When most people think of exotic locations, they think of islands hidden deep in the South Pacific, not somewhere where the sun doesn’t exist during the winter and never disappears in the summer. Iceland is a rugged and unforgivable island, created in a place where the earth is literally tearing itself apart. The wind never stops howling across the landscape and ten percent of the country is forever covered in a blanket of ice. “Exotic” doesn’t typically include eating foods like rotten shark fin or boiled sheep head.
Nothing seems more enticing than all of the things mentioned above, except maybe the food. That’s why traveling to Iceland had been at the top my list of destinations for quite a while. It may not be the typical vacation destination but that’s exactly why I wanted to travel there. What the island has to offer is a unique opportunity to experience a culture a little different from my own, to witness some of the most spectacular natural views the world has to offer and immerse myself in the natural conflict of what has become known as “The Land of Fire and Ice.”
As the plane descended into Keflavík Airport, I watched Eyjafjallajökull on the horizon spewing ash into the sky. The land below was barren and scabrous, covered in black volcanic rocks from ancient eruptions. For a moment it felt as though the plane was about to touch down on another planet.
For the next week of my life, this was home.
The bus ride into Reykjavík confirmed what I’d seen from the sky. Everywhere I looked the landscape seemed devoid of life. Like the flower that pushes its way through a crack in the sidewalk, tiny villages of brightly colored homes sprouted out of the black earth surrounding them. As the bus approached Reykjavík, the small communities began to condense until it was impossible to distinguish one town from the next.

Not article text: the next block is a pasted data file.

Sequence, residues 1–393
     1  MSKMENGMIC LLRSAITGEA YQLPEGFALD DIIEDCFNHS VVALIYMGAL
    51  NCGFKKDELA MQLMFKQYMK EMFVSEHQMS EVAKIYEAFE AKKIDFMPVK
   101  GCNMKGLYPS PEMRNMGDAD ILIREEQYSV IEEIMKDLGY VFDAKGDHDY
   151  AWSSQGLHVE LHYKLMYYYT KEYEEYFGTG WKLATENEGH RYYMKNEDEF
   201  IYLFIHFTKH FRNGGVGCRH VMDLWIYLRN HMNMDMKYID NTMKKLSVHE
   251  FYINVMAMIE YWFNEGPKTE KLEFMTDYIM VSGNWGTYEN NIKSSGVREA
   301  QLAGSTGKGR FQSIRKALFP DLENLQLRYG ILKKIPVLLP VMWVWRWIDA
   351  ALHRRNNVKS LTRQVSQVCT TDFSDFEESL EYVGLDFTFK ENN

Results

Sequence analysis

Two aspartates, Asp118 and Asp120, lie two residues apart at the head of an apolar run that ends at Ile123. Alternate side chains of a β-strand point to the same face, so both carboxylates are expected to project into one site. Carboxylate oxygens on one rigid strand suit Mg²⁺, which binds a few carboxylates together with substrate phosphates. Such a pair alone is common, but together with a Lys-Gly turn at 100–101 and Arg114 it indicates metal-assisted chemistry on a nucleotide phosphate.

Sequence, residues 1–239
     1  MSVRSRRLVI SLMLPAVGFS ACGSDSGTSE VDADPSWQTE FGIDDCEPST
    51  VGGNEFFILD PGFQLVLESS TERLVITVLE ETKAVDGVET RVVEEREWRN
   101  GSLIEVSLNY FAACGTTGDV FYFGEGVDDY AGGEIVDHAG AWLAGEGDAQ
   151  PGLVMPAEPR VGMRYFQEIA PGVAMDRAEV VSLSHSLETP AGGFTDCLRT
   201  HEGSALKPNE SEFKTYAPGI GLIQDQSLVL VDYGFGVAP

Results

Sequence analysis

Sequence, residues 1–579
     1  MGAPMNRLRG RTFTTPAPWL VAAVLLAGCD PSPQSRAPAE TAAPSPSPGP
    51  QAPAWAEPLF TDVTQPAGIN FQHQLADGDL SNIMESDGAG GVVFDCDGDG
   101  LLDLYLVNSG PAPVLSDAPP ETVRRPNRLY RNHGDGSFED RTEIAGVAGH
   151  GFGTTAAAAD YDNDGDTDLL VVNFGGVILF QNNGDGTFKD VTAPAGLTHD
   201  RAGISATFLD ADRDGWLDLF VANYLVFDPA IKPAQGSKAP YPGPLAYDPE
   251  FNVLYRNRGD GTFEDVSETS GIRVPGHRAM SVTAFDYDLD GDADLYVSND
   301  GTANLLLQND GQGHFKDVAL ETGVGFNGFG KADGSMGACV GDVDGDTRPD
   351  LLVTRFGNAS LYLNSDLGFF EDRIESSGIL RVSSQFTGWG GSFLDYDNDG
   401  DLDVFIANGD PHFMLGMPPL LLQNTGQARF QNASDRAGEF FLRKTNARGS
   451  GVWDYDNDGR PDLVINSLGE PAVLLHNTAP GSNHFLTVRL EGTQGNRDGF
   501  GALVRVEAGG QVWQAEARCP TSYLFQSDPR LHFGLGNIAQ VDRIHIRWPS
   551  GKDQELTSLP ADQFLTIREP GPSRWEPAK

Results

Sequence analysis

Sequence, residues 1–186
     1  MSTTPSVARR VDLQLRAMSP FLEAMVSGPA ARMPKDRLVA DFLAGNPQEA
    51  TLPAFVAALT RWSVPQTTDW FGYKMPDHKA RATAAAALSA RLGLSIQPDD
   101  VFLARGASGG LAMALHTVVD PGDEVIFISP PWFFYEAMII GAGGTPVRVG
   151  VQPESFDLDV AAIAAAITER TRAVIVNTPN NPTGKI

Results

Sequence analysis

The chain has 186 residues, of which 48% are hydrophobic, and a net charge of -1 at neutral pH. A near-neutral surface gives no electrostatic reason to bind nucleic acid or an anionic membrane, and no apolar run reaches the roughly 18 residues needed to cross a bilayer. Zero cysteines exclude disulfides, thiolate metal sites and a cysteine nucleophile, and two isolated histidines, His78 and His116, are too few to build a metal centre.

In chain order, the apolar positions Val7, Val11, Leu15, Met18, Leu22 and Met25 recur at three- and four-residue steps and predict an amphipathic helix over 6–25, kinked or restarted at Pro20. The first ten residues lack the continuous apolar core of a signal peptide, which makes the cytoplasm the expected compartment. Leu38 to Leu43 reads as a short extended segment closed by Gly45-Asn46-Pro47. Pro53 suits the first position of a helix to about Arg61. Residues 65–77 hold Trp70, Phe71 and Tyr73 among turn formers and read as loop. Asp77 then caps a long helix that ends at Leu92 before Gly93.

After a bus transfer at the main station, I arrived at my hostel in downtown Reykjavík. On the counter was a pile of propaganda promoting tours to visit Eyjafjallajökull. I could accomplish my goal of witnessing a volcanic eruption so I scheduled a tour for that night and spent the rest of the afternoon wandering about the streets of Reykjavík, waiting until it was time to see the volcano.
The rest of the week I went on tours and different excursions around the southwestern peninsula of Iceland. I went whale watching in Faxaflói Bay where I saw Minke Whales surface and dive down into the cold North Atlantic waters. Bottlenose dolphins played in the distance. I took the Golden Circle Tour and saw Þingvellir, Gullfoss, Geysir and Strokkur. I visited the famed Blue Lagoon, relaxing in the chalky blue water and ate reindeer at the Lava Restaurant.
My trip to Iceland was fantastic and I wouldn’t change a single moment. By the time the week was over I was ready to go home but sad to be leaving. It’s obvious I need far more time in Iceland than just a week. I’d like to take at least two weeks so I can road trip around the Ring Road and see the rest of the country.
It’s an amazing place and I can’t wait to go back. (Update: And I did go back, briefly, on my way back from London last Fall. I plan to visit again.)